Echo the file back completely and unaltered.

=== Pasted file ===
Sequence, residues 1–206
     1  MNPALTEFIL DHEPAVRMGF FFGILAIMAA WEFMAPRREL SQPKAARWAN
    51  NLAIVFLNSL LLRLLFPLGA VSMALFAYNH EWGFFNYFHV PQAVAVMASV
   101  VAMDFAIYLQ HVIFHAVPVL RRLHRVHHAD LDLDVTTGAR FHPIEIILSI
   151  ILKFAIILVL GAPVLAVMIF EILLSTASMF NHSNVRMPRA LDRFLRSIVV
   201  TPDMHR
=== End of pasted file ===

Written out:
Sequence, residues 1–206
     1  MNPALTEFIL DHEPAVRMGF FFGILAIMAA WEFMAPRREL SQPKAARWAN
    51  NLAIVFLNSL LLRLLFPLGA VSMALFAYNH EWGFFNYFHV PQAVAVMASV
   101  VAMDFAIYLQ HVIFHAVPVL RRLHRVHHAD LDLDVTTGAR FHPIEIILSI
   151  ILKFAIILVL GAPVLAVMIF EILLSTASMF NHSNVRMPRA LDRFLRSIVV
   201  TPDMHR